Overall Living Room Songs is an adequate release from a very talented composer. Whilst the critics are sure to sing its praises the fact of the matter is Arnalds has produced much better albums in his time and comparitively this latest addition struggles to stand up against comparisons with his earlier more varied work. The album is not terrible just a tad disappointing.

Download: "Near Light" "Ágúst"

Abandon - Monsters

Abandon Monsters EP
Abandon - Monsters
Genre: Post-Rock/Shoegaze
Rating: 7.5/10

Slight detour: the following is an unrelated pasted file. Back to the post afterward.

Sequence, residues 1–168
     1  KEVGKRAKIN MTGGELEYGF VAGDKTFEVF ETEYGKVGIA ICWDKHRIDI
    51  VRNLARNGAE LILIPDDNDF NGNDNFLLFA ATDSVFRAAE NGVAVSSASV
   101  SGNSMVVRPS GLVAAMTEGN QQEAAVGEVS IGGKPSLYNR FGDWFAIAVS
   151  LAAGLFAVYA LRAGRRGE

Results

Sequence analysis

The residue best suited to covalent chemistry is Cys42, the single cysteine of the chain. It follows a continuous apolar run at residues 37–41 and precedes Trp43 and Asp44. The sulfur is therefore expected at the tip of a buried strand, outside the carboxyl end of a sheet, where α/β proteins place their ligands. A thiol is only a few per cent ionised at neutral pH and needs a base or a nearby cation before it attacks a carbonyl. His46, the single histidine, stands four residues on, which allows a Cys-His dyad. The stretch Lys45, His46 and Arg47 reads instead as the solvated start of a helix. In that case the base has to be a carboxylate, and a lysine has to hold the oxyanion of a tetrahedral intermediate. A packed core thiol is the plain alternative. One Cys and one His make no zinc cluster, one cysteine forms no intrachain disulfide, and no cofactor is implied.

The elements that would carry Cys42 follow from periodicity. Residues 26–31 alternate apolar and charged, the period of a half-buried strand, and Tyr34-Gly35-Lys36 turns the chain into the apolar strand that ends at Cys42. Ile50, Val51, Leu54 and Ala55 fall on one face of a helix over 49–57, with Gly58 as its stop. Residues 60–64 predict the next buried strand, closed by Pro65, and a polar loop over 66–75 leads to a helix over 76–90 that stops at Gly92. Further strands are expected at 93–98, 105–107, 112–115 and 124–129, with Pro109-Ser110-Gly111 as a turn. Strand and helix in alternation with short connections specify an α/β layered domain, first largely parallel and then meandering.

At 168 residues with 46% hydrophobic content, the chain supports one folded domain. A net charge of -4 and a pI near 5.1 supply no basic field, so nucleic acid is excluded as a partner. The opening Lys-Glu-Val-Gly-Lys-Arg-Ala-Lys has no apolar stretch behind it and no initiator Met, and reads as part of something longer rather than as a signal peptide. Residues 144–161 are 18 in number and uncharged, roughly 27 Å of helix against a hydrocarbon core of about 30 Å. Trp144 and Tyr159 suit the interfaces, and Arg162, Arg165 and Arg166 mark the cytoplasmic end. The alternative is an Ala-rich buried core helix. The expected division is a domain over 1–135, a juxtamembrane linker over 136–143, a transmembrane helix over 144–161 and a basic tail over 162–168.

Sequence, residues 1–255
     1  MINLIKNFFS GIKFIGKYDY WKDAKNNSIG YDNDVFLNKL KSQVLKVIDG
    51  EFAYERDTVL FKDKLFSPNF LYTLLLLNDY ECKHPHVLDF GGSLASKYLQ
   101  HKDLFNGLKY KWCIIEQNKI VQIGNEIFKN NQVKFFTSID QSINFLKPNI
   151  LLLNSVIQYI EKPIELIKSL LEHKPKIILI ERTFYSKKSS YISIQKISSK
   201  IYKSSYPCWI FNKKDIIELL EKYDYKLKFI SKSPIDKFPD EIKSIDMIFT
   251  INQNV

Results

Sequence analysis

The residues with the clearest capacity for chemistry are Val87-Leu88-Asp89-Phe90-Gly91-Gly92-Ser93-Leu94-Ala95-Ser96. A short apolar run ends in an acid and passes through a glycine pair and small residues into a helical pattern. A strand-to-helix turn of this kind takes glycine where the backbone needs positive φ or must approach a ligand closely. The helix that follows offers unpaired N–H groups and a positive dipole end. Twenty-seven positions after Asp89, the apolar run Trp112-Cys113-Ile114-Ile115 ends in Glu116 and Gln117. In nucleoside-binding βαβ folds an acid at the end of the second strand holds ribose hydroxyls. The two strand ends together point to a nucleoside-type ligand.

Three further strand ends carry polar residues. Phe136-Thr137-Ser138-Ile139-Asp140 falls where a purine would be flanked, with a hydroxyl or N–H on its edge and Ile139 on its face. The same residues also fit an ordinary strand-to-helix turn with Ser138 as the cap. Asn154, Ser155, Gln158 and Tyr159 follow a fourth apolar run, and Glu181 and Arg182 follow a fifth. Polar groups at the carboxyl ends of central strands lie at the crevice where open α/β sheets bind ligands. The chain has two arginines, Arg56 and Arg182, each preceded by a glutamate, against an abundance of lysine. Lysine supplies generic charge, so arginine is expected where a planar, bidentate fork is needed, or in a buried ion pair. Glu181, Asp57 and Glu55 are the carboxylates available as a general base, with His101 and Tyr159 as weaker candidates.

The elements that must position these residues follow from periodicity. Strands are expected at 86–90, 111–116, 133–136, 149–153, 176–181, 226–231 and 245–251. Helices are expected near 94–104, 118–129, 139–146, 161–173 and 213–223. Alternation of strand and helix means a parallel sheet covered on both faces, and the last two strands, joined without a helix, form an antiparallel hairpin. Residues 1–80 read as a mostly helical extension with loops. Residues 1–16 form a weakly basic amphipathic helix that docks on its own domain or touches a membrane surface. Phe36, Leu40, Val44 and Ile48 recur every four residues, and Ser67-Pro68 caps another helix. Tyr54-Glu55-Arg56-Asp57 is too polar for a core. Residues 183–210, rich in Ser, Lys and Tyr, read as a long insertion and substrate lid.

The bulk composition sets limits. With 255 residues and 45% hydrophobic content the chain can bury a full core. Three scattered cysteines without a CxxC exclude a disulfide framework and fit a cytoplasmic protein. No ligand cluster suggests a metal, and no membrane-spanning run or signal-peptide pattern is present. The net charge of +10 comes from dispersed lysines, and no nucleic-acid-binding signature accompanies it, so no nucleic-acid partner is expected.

December is usually a month that sees a real wind down for the music industry as the charts are inevitably flooded with the same christmas tunes as all the easy listening balladeers release christmas albums. A dire state of affairs indeed. However december is not totally bereft of good music at least not this year as Abandon's latest release from underground rock label Blindsight Records proves. Blindsight Records are a relatively small UK record label that boast an impressive roster of underground talent and were responsible for releasing the triumphant Caretaker/Undersmile split earlier this year, which some of you may remember I gave a full ten out of ten. Abandon is one of the many monikers taken by label founder Umair Chaudhry and fits in suitably with the record label's overall dark aesthetic.